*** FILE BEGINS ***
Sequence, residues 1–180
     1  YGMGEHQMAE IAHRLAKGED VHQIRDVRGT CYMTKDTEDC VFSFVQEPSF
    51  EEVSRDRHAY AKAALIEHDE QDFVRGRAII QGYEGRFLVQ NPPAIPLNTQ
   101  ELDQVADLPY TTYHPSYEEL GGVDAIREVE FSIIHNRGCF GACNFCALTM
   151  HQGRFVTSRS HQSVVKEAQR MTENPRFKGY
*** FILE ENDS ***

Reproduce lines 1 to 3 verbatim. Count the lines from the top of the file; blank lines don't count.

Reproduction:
Sequence, residues 1–180
     1  YGMGEHQMAE IAHRLAKGED VHQIRDVRGT CYMTKDTEDC VFSFVQEPSF
    51  EEVSRDRHAY AKAALIEHDE QDFVRGRAII QGYEGRFLVQ NPPAIPLNTQ